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Hoffmann, R. A wiki for the life sciences where authorship matters. Nature Genetics (2008)

Centrally mediated ocular hypotension: potential role of imidazoline receptors.

These experiments sought to: (1) determine if alpha 2/I1 agonists that are topically active on the eye have similar effects on intraocular pressure when applied to the CNS and (2) ascertain whether these agents lower IOP, in part, via central alpha 2 receptors and/or imidazoline (I1) receptors. New Zealand White rabbits were fitted with chronic indwelling stainless-steel guide cannulas in several brain regions including the lateral ventricle, third ventricle (3V), or medullary intermediate reticular zone. Animals were allowed 5 days' recovery time prior to experiments measuring the effects of drugs on IOP via applanation pneumatonometry. Some animals were also pretreated with 400 micrograms of 6-hydroxydopamine injected into the lateral ventricle to determine the site of action of these alpha 2/I1 agonists. In initial experiments involving microinjection into the lateral ventricle, UK-14,304-18 evoked ocular hypotension that was inhibited by the alpha 2-antagonist rauwolscine but not by the I1-receptor antagonist efaroxan. Conversely, moxonidine and oxymetazoline were preferentially inhibited by efaroxan rather than by rauwolscine. Subsequently, experiments have shown that moxonidine and oxymetazoline, but not UK-14,304-18 will lower intraocular pressure when microinjected into the medullary intermediate reticular zone region and that efaroxan, but not rauwolscine, will inhibit ocular hypotension induced by moxonidine and oxymetazoline. Pretreatment with 6-hydroxydopamine (48 hours) completely eliminated the ocular hypotension induced by moxonidine. These preliminary data demonstrate that alpha 2- and I1-receptors in the brain mediate ocular hypotension induced by UK-14,304-18 and moxonidine/oxymetazoline, respectively. Moreover, the medullary intermediate reticular zone area of the brain stem is the probable presynaptic site mediating ocular hypotension induced by moxonidine and oxymetazoline.[1]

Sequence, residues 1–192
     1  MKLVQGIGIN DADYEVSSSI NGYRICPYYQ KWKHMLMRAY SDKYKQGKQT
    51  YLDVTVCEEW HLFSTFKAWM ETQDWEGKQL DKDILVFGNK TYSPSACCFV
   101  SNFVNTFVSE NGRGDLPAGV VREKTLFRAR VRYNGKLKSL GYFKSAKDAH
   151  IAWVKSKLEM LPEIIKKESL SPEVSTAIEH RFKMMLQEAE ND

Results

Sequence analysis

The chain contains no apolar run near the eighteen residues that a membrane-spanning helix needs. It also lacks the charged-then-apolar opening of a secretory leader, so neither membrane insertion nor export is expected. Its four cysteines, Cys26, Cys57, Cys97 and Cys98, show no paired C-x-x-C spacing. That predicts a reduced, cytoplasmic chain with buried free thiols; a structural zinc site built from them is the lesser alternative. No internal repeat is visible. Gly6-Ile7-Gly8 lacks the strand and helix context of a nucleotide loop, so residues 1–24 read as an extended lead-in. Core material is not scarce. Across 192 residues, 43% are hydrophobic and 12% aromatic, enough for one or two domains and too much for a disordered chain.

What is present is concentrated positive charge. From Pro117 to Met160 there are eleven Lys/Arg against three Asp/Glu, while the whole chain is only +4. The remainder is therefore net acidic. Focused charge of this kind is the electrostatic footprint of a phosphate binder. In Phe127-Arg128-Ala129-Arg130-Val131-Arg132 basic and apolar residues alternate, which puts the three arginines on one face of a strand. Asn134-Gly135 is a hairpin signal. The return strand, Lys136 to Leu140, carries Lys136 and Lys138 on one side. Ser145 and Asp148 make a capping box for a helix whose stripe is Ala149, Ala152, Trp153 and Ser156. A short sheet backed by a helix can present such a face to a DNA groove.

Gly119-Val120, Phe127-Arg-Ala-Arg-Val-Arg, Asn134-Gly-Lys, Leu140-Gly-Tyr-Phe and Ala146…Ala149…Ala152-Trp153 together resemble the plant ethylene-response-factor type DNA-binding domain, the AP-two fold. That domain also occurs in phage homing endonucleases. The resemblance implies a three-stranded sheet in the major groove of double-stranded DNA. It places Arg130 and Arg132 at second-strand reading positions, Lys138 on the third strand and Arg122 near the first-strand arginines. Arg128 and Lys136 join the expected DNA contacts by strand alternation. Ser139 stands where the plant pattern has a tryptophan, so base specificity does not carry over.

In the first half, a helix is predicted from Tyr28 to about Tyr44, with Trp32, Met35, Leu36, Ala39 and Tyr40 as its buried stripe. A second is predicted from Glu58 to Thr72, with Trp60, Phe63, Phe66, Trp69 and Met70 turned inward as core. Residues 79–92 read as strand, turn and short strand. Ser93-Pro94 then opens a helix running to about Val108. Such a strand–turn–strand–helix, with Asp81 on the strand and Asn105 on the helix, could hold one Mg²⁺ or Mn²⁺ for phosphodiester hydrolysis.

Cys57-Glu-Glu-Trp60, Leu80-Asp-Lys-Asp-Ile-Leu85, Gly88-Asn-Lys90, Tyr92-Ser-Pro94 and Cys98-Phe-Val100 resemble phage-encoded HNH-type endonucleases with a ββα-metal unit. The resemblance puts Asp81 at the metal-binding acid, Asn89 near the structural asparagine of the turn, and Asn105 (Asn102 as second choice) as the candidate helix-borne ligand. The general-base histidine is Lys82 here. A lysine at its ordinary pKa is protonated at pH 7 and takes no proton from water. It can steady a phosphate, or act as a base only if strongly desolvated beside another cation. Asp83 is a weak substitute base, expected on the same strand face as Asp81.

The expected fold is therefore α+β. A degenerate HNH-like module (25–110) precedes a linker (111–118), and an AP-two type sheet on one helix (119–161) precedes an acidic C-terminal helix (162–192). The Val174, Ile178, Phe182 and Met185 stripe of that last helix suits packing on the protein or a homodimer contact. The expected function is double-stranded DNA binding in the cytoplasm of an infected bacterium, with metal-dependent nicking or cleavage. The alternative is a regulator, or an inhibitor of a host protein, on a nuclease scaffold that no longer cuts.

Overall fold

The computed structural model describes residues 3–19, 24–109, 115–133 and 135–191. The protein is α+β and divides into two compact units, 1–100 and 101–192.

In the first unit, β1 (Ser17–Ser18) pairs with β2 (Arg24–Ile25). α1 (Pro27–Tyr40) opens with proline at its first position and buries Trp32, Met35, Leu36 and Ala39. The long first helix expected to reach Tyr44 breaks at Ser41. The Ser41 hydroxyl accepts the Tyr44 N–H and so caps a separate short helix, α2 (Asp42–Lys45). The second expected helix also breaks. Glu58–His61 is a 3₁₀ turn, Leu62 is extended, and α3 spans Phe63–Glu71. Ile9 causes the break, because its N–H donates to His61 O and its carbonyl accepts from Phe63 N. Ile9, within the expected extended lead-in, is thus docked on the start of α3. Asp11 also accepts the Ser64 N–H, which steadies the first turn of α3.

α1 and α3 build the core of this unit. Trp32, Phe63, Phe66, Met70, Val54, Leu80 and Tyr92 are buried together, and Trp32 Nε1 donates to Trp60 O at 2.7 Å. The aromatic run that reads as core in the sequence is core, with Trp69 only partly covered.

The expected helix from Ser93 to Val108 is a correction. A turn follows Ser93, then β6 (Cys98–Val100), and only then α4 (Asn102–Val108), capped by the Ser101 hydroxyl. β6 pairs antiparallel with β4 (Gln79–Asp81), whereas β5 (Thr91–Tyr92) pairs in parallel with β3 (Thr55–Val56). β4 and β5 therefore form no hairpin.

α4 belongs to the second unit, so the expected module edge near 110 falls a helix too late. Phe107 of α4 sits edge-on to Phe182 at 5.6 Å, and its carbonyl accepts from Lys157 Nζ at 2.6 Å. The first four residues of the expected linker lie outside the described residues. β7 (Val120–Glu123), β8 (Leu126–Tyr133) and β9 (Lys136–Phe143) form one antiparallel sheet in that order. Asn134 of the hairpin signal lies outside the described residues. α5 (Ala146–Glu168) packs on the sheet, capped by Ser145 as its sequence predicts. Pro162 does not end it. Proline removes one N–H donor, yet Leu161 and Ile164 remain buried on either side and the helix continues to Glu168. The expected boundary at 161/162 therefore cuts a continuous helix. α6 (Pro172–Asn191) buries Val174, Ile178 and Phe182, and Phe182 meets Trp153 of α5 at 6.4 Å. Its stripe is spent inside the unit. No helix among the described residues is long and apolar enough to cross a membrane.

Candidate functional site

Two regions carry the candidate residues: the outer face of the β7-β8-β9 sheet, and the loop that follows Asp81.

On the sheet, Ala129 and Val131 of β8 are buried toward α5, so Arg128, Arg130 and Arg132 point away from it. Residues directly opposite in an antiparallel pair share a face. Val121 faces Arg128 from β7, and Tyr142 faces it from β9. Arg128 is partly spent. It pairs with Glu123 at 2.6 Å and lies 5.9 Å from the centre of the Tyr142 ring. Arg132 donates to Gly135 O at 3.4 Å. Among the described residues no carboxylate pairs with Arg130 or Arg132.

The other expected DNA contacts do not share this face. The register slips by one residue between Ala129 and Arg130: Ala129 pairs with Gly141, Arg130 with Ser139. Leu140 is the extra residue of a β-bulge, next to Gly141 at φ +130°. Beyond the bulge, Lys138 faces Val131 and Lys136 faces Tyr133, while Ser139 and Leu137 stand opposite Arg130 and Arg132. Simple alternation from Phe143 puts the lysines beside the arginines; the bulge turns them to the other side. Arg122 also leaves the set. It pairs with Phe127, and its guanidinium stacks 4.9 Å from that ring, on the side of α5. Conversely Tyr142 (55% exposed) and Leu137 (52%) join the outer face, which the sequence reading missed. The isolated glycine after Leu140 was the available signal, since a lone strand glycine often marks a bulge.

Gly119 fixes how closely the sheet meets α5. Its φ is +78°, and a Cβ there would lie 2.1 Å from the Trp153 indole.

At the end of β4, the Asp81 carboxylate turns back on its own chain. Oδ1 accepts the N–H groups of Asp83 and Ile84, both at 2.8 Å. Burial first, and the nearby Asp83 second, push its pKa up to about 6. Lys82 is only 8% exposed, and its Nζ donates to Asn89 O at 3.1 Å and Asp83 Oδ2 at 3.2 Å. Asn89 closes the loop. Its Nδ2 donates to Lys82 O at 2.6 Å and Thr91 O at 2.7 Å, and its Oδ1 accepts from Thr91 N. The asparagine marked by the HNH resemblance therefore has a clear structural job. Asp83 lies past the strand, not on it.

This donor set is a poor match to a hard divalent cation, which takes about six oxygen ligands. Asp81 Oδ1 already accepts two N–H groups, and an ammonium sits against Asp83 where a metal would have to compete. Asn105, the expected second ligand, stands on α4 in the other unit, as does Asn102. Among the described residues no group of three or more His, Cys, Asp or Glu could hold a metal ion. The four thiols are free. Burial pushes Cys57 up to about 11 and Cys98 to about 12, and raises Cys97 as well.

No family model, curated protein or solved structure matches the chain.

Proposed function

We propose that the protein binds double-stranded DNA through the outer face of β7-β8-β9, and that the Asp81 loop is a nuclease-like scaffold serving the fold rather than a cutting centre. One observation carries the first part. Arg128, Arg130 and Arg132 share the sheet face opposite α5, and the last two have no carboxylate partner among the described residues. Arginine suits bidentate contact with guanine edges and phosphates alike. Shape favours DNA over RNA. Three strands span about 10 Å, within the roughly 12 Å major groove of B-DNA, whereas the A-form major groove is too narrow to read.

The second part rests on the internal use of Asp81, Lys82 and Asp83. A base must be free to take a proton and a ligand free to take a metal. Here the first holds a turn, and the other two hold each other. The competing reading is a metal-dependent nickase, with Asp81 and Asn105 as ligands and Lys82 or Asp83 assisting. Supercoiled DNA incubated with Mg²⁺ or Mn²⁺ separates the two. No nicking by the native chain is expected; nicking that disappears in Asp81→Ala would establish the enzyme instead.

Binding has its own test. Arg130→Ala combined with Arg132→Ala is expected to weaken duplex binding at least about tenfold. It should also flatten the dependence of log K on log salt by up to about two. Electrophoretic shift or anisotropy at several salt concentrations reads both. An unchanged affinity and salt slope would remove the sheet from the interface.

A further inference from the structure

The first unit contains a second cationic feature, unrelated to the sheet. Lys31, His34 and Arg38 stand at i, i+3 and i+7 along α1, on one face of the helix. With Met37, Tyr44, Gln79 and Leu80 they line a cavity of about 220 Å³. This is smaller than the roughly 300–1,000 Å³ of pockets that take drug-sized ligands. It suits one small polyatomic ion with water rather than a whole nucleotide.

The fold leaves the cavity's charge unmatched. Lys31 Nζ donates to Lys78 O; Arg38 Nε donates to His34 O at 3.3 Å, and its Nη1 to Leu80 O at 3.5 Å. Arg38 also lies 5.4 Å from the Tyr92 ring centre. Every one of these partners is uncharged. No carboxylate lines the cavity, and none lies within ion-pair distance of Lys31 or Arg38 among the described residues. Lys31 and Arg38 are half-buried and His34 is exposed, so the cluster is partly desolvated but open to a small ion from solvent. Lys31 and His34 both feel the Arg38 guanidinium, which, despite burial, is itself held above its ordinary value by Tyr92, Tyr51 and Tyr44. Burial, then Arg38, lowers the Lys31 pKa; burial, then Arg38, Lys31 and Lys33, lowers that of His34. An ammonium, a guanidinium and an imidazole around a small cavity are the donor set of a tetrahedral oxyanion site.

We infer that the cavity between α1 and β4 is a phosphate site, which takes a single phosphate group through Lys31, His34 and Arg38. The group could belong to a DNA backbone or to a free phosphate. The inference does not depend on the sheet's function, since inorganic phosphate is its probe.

1. Centrally mediated ocular hypotension: potential role of imidazoline receptors. Campbell, W.R., Potter, D.E. Ann. N. Y. Acad. Sci. (1995) [Pubmed]
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